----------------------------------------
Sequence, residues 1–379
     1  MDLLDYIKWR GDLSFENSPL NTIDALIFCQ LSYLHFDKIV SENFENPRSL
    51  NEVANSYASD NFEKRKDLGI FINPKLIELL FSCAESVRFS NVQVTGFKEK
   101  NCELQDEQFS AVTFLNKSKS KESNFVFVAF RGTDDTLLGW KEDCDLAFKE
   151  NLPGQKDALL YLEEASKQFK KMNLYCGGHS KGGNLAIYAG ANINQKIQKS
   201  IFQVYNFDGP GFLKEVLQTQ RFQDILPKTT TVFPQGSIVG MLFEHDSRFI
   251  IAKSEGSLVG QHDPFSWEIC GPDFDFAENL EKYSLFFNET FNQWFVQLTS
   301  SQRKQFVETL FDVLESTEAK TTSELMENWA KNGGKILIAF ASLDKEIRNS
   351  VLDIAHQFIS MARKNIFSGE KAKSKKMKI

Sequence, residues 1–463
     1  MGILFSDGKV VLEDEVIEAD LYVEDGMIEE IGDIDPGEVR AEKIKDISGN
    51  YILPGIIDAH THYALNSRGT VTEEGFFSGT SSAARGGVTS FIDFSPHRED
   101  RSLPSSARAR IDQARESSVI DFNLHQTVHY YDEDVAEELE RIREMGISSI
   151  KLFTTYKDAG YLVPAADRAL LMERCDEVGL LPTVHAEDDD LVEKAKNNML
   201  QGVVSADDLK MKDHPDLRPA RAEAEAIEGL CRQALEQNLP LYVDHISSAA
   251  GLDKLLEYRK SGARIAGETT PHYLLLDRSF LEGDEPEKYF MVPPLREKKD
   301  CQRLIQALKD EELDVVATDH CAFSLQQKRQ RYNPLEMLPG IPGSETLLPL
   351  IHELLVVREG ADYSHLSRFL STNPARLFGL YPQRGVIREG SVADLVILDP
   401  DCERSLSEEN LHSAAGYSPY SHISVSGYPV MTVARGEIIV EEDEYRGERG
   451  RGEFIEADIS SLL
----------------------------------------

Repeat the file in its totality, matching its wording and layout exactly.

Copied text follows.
Sequence, residues 1–379
     1  MDLLDYIKWR GDLSFENSPL NTIDALIFCQ LSYLHFDKIV SENFENPRSL
    51  NEVANSYASD NFEKRKDLGI FINPKLIELL FSCAESVRFS NVQVTGFKEK
   101  NCELQDEQFS AVTFLNKSKS KESNFVFVAF RGTDDTLLGW KEDCDLAFKE
   151  NLPGQKDALL YLEEASKQFK KMNLYCGGHS KGGNLAIYAG ANINQKIQKS
   201  IFQVYNFDGP GFLKEVLQTQ RFQDILPKTT TVFPQGSIVG MLFEHDSRFI
   251  IAKSEGSLVG QHDPFSWEIC GPDFDFAENL EKYSLFFNET FNQWFVQLTS
   301  SQRKQFVETL FDVLESTEAK TTSELMENWA KNGGKILIAF ASLDKEIRNS
   351  VLDIAHQFIS MARKNIFSGE KAKSKKMKI

Sequence, residues 1–463
     1  MGILFSDGKV VLEDEVIEAD LYVEDGMIEE IGDIDPGEVR AEKIKDISGN
    51  YILPGIIDAH THYALNSRGT VTEEGFFSGT SSAARGGVTS FIDFSPHRED
   101  RSLPSSARAR IDQARESSVI DFNLHQTVHY YDEDVAEELE RIREMGISSI
   151  KLFTTYKDAG YLVPAADRAL LMERCDEVGL LPTVHAEDDD LVEKAKNNML
   201  QGVVSADDLK MKDHPDLRPA RAEAEAIEGL CRQALEQNLP LYVDHISSAA
   251  GLDKLLEYRK SGARIAGETT PHYLLLDRSF LEGDEPEKYF MVPPLREKKD
   301  CQRLIQALKD EELDVVATDH CAFSLQQKRQ RYNPLEMLPG IPGSETLLPL
   351  IHELLVVREG ADYSHLSRFL STNPARLFGL YPQRGVIREG SVADLVILDP
   401  DCERSLSEEN LHSAAGYSPY SHISVSGYPV MTVARGEIIV EEDEYRGERG
   451  RGEFIEADIS SLL